Documents & Reports
Over the last two decades, health sector reform in many countries has been characterized by spirited efforts to bring down costs and reduce gaps in coverage. Various approaches to decentralization and public-private partnerships have been introduced, but there has been hardly any attempt to understand or address the human resources (HR) aspects and implications of such structural changes. This technical brief synthesizes findings from recent publications to help promote general understanding among the various HRM actors, especially advocates and practitioners in developing countries. [from aut
This Praxis Note describes the author’s response to the challenge of documenting and evaluating a capacity building process that had taken place in the Tangababwe Red Cross Society (TRCS). The hope is that it will stimulate ideas and show that even quick and dirty evaluations can prove useful, and are certainly better than nothing. [publisher’s description]
This resource catalogue is a compilation of indicators for assessing capability and effectiveness of organizations and the standards of the environment in which they must operate. Examples of thematic indicators (environment and HIV/AIDS) are also included. This list is not exhaustive. [publisher’s description]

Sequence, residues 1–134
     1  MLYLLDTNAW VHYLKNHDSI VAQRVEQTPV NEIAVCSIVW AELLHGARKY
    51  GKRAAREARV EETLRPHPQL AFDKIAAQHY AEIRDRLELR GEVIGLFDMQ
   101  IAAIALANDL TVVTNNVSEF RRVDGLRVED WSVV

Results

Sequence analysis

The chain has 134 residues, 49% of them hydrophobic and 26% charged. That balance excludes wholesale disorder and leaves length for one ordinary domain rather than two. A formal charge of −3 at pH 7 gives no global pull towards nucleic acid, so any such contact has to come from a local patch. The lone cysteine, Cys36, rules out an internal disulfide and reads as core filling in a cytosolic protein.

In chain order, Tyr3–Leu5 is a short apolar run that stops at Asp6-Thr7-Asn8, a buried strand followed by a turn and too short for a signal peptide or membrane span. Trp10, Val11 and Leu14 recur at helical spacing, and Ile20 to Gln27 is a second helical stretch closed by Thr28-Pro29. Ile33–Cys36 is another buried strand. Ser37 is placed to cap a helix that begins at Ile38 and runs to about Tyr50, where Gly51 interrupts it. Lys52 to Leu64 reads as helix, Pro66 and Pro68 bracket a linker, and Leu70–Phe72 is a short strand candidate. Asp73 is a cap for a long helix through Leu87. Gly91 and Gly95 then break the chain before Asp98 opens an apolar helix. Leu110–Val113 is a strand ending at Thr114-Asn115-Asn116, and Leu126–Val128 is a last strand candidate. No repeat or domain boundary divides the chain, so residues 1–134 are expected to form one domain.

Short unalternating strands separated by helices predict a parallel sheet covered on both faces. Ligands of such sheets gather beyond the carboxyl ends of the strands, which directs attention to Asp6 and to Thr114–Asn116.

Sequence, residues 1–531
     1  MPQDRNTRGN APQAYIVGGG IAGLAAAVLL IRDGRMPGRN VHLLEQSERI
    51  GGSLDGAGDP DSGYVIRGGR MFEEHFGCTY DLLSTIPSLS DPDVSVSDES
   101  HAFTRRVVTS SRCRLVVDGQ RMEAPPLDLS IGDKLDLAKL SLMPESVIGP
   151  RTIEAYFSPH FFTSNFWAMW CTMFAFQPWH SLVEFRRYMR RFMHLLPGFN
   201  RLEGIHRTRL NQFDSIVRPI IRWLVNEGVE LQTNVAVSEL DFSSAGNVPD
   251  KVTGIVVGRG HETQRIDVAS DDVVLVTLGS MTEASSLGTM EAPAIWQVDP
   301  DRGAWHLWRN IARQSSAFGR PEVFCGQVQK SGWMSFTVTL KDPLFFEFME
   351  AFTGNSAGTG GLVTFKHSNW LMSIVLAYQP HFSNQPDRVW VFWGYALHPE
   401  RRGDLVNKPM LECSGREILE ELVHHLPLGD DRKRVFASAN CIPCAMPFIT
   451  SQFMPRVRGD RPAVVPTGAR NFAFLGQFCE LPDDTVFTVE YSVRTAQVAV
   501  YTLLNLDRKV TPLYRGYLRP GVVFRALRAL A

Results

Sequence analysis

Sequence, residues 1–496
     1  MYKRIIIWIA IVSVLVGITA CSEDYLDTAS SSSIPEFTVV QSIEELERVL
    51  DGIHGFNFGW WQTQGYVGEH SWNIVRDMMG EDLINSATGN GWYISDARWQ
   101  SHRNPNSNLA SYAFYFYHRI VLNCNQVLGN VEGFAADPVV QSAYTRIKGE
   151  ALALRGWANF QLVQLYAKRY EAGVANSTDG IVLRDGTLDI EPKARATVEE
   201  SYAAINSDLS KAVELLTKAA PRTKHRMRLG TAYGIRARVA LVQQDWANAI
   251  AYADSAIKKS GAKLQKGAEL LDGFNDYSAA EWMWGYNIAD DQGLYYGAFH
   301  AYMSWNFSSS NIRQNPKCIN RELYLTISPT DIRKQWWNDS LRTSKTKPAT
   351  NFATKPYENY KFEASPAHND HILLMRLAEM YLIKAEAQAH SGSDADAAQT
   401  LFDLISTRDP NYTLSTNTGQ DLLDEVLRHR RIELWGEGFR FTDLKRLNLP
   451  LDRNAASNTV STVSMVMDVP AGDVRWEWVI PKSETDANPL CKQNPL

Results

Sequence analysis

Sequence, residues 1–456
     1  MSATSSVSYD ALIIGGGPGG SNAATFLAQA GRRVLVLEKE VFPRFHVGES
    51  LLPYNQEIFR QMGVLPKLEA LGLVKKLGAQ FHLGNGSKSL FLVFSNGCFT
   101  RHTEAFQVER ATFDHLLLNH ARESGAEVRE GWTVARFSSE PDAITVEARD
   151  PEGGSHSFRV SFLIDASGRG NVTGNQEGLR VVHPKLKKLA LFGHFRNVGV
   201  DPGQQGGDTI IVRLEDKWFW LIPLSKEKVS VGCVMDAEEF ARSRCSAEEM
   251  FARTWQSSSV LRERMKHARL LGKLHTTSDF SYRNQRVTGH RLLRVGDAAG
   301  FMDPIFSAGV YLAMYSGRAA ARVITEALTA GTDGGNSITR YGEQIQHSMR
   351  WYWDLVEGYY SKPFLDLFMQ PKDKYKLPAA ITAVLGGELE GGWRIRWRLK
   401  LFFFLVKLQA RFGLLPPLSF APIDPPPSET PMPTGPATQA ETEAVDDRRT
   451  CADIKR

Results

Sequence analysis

This document describes USAID’s strategy for combating Tuberculosis. The strategy focuses on four main areas: a) expand and strengthen DOTS, b) increase and strengthen human resource capacity, c) develop and disseminate new tools and strategies, and d) adapt DOTS to address special challenges.
Geographical imbalances in the health workforce have been a consistent feature of nearly all health systems, especially in developing countries. The authors investigate the willingness to work in a rural area among final year nursing and medical students in Ethiopia. Analyzing data obtained from contingent valuation questions, they find that household consumption and the student’s motivation to help the poor, which is their proxy for intrinsic motivation, are the main determinants of willingness to work in a rural area.
In this analysis of the global workforce, the Joint Learning Initiative (JLI) - a consortium of more than 100 health leaders - proposes that mobilisation and strengthening of human resources for health, neglected yet critical, is central to combating health crises in some of the world’s poorest countries and for building sustainable health systems in all countries. Nearly all countries are challenged by worker shortage, skill mix imbalance, maldistribution, negative work environment, and weak knowledge base.
The papers presented here cover the main dimensions of HRD (Human Resource Development) in health: planning and managing the workforce, education and training, incentives and working conditions, managing the performance of personnel and policies needed to ensure that investments in human resources produce the benefits to which the investing populations are entitled.